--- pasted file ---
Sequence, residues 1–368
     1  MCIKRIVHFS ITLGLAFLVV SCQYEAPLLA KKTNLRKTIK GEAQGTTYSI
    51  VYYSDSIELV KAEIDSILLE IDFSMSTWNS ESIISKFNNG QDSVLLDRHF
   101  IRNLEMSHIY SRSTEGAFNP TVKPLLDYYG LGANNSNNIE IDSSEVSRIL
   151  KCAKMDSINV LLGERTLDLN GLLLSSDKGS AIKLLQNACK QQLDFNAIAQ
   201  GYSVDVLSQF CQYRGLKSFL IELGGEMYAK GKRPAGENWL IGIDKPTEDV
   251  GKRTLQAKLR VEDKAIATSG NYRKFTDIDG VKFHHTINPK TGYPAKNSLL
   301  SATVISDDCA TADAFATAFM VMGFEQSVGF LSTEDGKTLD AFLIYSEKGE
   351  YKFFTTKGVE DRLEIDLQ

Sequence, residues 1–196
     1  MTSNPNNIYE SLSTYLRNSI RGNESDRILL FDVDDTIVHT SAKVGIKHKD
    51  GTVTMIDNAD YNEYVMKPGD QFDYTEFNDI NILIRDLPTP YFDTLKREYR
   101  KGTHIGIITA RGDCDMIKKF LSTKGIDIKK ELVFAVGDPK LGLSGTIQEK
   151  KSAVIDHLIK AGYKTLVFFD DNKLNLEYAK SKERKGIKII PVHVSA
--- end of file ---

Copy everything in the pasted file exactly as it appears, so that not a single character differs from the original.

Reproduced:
Sequence, residues 1–368
     1  MCIKRIVHFS ITLGLAFLVV SCQYEAPLLA KKTNLRKTIK GEAQGTTYSI
    51  VYYSDSIELV KAEIDSILLE IDFSMSTWNS ESIISKFNNG QDSVLLDRHF
   101  IRNLEMSHIY SRSTEGAFNP TVKPLLDYYG LGANNSNNIE IDSSEVSRIL
   151  KCAKMDSINV LLGERTLDLN GLLLSSDKGS AIKLLQNACK QQLDFNAIAQ
   201  GYSVDVLSQF CQYRGLKSFL IELGGEMYAK GKRPAGENWL IGIDKPTEDV
   251  GKRTLQAKLR VEDKAIATSG NYRKFTDIDG VKFHHTINPK TGYPAKNSLL
   301  SATVISDDCA TADAFATAFM VMGFEQSVGF LSTEDGKTLD AFLIYSEKGE
   351  YKFFTTKGVE DRLEIDLQ

Sequence, residues 1–196
     1  MTSNPNNIYE SLSTYLRNSI RGNESDRILL FDVDDTIVHT SAKVGIKHKD
    51  GTVTMIDNAD YNEYVMKPGD QFDYTEFNDI NILIRDLPTP YFDTLKREYR
   101  KGTHIGIITA RGDCDMIKKF LSTKGIDIKK ELVFAVGDPK LGLSGTIQEK
   151  KSAVIDHLIK AGYKTLVFFD DNKLNLEYAK SKERKGIKII PVHVSA